In Kossup, supra, 372 N.J. Super. at 473-74, we recognized that in order to benefit police and firefighters, the Legislature enacted N.J.S.A. 43:16A-3.1, which allows such employees to maintain their very valuable membership in PFRS when they accept promotions to certain civilian positions such as public safety director or fire director.*fn2 See also Jordan v. Harvey, 381 N.J. Super. 112, 118-19 (App. Div. 2005). The civilian positions are ordinarily covered by a different pension system with less-generous retirement benefits. However, N.J.S.A. 43:16A-3.1 gives these positions a "hybrid" status whereby a PFRS member who accepts such a position within six months after leaving a regular PFRS-covered job can remain in PFRS while serving in the civilian position. Kossup, supra, 372 N.J.Super. at 476-77.
In addition to construing section 3.1, Kossup addressed N.J.S.A. 43:16A-15.3, which prevents "double dipping" by requiring a PFRS member who retires and then obtains new employment in a PFRS-covered position to re-enroll in PFRS.*fn3
Kossup, supra, 372 N.J. Super. at 477-78. In Kossup we recognized that ordinarily an employee who retires from a PFRS-covered position and within six months of retirement takes a civilian police or fire director position, would be required to re-enroll in PFRS. Ibid. Kossup, however, was not subject to this requirement because he had reached the mandatory retirement age of sixty-five and, therefore, could not re-enroll in PFRS when he accepted a civilian director position. Id. at 478. Hence, we concluded that, for Kossup, the civilian director position was not a PFRS-covered position and he did not have to rescind his retirement and re-enroll in PFRS pursuant to N.J.S.A. 43:16A-15.3. Kossup, supra, 372 N.J. Super. at 478.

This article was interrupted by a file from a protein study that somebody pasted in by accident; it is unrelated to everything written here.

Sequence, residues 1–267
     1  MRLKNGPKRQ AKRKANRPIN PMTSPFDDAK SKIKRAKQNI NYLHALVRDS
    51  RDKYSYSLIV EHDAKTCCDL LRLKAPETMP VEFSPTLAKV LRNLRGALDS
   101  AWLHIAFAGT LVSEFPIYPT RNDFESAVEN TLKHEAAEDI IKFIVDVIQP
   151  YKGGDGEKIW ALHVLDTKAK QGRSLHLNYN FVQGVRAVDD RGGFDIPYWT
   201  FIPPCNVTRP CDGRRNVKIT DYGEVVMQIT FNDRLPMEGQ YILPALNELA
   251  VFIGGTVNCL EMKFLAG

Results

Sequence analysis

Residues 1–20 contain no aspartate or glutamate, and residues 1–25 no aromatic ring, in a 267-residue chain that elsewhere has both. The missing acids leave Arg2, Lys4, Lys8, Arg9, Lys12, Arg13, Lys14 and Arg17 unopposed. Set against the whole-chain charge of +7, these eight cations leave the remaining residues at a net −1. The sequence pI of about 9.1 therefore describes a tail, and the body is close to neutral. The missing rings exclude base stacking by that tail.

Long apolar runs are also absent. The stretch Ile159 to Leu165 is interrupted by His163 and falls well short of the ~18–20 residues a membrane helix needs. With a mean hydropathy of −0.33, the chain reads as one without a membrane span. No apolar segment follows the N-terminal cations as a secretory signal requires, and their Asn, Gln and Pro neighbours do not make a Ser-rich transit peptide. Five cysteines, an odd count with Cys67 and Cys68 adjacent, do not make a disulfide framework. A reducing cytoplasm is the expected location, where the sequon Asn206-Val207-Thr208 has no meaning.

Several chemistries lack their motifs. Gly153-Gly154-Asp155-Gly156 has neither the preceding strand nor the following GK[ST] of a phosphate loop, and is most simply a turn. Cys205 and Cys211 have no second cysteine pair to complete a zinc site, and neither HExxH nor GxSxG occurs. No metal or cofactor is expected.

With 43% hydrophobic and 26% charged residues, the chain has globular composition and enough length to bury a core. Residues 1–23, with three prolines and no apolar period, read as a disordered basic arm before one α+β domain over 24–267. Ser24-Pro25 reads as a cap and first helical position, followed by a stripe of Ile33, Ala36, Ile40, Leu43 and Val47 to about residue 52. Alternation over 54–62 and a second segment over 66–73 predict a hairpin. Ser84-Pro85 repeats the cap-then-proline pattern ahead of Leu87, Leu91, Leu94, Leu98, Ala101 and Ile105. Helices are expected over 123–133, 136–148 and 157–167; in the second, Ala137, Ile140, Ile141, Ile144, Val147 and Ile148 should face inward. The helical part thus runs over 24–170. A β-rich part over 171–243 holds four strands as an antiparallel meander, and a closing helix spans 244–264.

Unlike Kossup, Keenan retired voluntarily before reaching age sixty-five and he thus was still eligible to re-enroll in PFRS when, on the same day his retirement allowance commenced, he accepted the civilian position of Public Safety Director. We find no merit in Keenan's contention that the director job was not the type of position to which N.J.S.A. 43:16A-3.1 would apply. See Kossup, supra, 372 N.J. Super. at 474-75; Jordan, supra, 381 N.J. Super. at 118-19. See also Sponsor's Statement to S. 579 (enacted as L. 2000, c. 166) (acknowledging that "under current law" N.J.S.A. 43:16A-3.1 applied to public safety director positions).